Well, to be totally honest I’m not sure I should be advising you (though you can learn from our mistakes) but in the spirit of openness I’ll also tell you what happened to us – have a look at my next post).
I’m not sure whether it is harder to find a builder in London, but it certainly seems that way. Up north, my parents have a builder, a plumber, an electrician, joiner, roofer etc etc on tap. In London, I think that it’s just much larger and the population are more transient and so builders can just be (sorry to any reputable ones reading this!) more shit and get away with it as they don’t build a local reputation.
I’ll write a full post on when builds go wrong but in short, the builders that we chose immediately re-contracted our work to a subcontractor who hadn’t agreed to the pricing structure or timeframe and then ran out of money, stopped paying them and stopped our build.
So, I had (and still have) a few rules regarding builders that I think are super crucial:
1. Recommendations: try to get local recommendations; the best type of builder to find is one that you have a number of proven recommendations for and if you can do that locally it’s even better as you can chat to your neighbours and go and see the work. This can be tricky but a few options are:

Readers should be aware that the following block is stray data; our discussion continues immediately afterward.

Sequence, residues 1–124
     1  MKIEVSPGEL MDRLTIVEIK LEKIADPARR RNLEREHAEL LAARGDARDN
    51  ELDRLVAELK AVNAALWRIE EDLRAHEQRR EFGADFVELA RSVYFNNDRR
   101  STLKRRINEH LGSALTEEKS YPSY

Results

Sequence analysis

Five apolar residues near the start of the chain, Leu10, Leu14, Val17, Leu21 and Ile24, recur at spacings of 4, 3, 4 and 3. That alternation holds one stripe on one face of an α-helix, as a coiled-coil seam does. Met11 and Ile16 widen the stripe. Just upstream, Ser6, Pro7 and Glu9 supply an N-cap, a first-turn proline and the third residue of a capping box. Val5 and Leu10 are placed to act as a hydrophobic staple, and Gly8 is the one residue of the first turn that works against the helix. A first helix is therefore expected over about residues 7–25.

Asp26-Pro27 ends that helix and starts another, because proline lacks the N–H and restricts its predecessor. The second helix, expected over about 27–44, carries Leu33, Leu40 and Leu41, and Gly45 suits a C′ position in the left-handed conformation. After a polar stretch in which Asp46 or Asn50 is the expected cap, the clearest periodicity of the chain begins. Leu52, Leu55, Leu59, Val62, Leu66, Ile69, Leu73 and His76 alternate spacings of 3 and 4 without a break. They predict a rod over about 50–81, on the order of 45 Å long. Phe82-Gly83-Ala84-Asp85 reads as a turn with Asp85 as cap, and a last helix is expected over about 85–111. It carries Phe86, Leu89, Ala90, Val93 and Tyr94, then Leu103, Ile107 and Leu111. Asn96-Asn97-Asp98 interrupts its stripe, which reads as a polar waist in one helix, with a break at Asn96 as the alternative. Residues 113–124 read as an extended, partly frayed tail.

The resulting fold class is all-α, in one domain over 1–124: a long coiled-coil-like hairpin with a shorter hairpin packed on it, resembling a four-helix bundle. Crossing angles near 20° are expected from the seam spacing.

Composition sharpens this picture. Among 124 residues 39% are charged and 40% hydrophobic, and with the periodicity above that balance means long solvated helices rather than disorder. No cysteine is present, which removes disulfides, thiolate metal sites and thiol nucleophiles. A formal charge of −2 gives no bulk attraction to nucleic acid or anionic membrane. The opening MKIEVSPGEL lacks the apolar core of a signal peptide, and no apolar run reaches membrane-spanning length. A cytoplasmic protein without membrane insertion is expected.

- Local notice boards (or virtual ones) like the app ‘Next door’
- Websites like ‘find a builder’ can also be ok as you can post your job on there and see recommendations (we’ve used this since for things like alarms, plumbers etc but I didn’t know about it at the time)
- You can also have a look around the local area – have a look for signs of builders and knock on people’s doors or post a note through. I’ve ended up chatting to people on trains that had overheard me on the phone moaning about the build and even gone to see someone’s place plus I’ve done the same for others– people are happy to help generally (or show off their home!)
2. More is more – you need to get numerous quotes, I mean around 10 ideally from a range of companies. This is something that we really struggled with, it was beyond difficult to get a detailed, broken down quote from builders. It doesn’t need to be fancy and typed up but it does need to have sufficient detail that it’s clear what you’re paying for and you can challenge it once you’re in the build (see my next point!). The range of quotes that we got was huge, from £40k to £160k so you need a good number of quotes to gauge what might be a good deal